The electroacoustic “Ossifying (Keeping us from…)” takes quite a different approach to music: inspired by John Cage’s philosophy, the piece aims to irritate, causing productive aural discomfort in order to “keep us from ossifying.” The piece is an eclectic amalgamation of sonic disturbances, ranging from bowed cardboard to stereophonic static to echoes in an indoor water park.
The only vocal work on the album, titled “Geometria Situs,” is a jumbled, jittery piece inspired by two photographs by Edward Burtynsky of highway and strip mall culture. Scored for mezzo-soprano, flute, recorders, trumpet, and piano, the piece is a poetic rumination on our banal existence in this crowded, crazy world.
The piece is followed by “Sounded along dove dōve,” an electroacoustic composition in which Ricks digitally manipulates the recorded speech of a poem written by Martin Corless-Smith. Fragments of speech flatten out into hums or are transformed into stutters and flurries, evoking some of the poem’s haunting maritime imagery.
Ricks again switches gears for “Waves/Particles,” a three-movement exploration of energy and matter through music. The piece transports the listener through a musical illustration of atomic structure, fully charged and ever-changing.
The album comes to a close with “Stilling,” a programmatic tone poem of sorts for solo piano. Based on the poem of the same name by Donald Revell, the piece is a surprisingly intimate ending to an intentionally chaotic album.
Within just over an hour, the album skitters and jitters through the history of recorded sound, exploring the furthest reaches of American sonic culture. And in the end, Ricks abandons the electronics, the remixes, the recordings, and even the boom boxes, and instead writes for a single instrument—translucent, ethereal, and unplugged. - Maggie Molloy, Second Inversion on KING-FM Seattle, June 15, 2015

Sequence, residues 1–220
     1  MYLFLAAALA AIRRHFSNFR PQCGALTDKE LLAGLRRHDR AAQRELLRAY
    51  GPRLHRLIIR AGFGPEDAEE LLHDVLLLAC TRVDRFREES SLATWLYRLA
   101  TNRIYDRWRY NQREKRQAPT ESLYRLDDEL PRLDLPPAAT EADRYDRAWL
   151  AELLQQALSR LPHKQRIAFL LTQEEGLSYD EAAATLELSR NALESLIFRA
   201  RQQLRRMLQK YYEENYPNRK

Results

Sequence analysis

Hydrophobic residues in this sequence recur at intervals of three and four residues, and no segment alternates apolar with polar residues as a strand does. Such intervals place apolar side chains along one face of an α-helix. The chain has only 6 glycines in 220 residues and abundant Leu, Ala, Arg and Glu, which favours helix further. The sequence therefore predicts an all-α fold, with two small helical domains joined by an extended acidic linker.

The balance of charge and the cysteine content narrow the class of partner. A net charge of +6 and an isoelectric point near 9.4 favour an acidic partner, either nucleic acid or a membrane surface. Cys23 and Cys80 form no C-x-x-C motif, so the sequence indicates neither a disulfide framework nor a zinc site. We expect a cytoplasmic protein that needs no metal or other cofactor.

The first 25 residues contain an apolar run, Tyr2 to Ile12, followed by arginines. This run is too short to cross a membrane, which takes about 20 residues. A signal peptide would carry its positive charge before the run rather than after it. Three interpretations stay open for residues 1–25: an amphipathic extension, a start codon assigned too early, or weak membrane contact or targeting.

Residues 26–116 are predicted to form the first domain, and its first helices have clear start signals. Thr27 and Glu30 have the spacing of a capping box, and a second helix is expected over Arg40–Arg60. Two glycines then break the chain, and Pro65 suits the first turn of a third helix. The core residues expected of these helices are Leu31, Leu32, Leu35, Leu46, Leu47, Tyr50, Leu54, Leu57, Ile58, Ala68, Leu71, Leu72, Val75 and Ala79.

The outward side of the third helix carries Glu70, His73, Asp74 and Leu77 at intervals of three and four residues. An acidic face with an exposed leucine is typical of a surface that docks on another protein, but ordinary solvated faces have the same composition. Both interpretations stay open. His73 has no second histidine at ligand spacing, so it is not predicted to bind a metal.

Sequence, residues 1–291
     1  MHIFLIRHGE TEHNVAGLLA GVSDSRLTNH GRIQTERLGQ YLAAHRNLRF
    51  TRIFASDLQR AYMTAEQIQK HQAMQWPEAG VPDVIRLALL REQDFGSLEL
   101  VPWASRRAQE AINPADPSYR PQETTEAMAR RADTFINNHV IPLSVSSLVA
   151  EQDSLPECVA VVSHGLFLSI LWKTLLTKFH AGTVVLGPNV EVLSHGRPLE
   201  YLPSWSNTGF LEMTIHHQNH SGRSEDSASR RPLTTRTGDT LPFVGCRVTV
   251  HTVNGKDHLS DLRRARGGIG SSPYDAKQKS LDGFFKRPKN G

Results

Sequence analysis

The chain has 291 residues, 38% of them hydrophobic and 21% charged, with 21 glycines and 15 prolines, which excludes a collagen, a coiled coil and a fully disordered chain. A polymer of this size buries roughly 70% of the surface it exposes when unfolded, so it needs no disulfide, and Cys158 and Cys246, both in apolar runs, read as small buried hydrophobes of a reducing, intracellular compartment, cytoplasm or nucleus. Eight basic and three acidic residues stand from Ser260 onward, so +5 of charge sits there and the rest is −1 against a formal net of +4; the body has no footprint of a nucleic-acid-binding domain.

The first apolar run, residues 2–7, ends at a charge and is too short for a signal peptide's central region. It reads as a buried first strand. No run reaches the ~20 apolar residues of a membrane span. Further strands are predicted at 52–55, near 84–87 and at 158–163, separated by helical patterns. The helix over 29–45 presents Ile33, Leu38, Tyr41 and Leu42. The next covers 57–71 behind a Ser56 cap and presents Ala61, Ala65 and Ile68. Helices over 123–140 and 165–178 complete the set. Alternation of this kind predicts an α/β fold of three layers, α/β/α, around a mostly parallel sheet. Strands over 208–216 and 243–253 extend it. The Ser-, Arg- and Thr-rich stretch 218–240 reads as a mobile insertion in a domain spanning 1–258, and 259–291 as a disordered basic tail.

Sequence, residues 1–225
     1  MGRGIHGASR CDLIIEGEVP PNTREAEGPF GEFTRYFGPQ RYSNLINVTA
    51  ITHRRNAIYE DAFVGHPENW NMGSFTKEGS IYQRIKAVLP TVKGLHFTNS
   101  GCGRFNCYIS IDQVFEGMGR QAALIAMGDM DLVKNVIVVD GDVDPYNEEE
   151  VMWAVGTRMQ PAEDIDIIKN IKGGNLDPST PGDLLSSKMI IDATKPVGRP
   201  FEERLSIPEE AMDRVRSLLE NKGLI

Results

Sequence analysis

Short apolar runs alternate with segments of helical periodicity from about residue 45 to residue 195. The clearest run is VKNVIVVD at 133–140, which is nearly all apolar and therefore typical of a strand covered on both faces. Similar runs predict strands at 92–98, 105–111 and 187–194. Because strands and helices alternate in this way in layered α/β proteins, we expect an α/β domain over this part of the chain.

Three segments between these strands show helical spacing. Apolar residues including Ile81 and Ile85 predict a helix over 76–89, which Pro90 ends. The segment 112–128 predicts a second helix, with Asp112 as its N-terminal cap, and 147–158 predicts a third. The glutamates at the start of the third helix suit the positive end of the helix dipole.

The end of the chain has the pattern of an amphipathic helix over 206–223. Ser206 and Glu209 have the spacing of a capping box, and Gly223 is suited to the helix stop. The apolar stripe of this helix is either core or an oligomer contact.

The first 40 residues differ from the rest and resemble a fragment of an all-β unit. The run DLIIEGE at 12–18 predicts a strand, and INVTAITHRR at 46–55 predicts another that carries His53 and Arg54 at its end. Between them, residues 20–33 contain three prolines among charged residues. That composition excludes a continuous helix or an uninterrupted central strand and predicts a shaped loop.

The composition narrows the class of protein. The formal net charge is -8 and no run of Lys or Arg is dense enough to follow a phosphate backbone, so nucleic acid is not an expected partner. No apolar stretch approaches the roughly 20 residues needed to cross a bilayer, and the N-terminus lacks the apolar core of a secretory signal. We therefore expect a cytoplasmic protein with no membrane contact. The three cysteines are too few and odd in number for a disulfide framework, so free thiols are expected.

Contemporary music isn’t for everyone, especially so when it includes electronica. That’s due in large part because not only do you have to deal with unfamiliar harmonies and strident dissonances, you also have to contend with the added layer of artificially created sounds. But if you were to put your preconceived notions and prejudices aside for a moment and just listen to this music, you might be in for a surprise. You still might not like what you hear, but you just might end up mesmerized with the bizarreness of it all — and perhaps surprised by what some of today’s composers come up with. There are, after all, a lot of creative minds writing music in the first quarter of the 21st century.
One of today’s most imaginative – and leading – composers is Brigham Young University’s Steven Ricks. Despite BYU’s decidedly conservative bent (to put it mildly), Ricks is in the forefront of today’s trends and one of the most daring and stimulating American composers. Ricks does his own thing. He doesn’t follow; instead, he forges ahead and sets new boundaries and pushes the limits of how the concept of music can be defined.
His new CD, Young American Inventions, taken from the title of one of the pieces on this disc, is a vibrant and aurally striking look into the 46-year-old composer’s world. The eight works on this recording were written between 1997–2014 and are mostly for a combination of traditional instruments with electronics. But there are also a couple of pieces just for conventional instruments as well as two that are strictly electroacoustic. The album shows the range of Ricks’ imagination as well as his mastery of electronics and his deep understanding of traditional instruments.
A couple of the works stand out. Waves/Particles from 2008 is an intricate weaving of live with recorded sound. It’s a well-crafted and well-conceived and executed work that is intoxicating in its effect. It envelops the listener and draws him into Ricks’ mystical, mysterious world. It was recorded in BYU’s de Jong Concert Hall and performed by members of Canyonlands New Music Ensemble: Carlton Vickers, flutes; Noriko Kishi, cello; and Jason Rabb, percussion. The University of Utah’s Morris Rosenzweig conducts.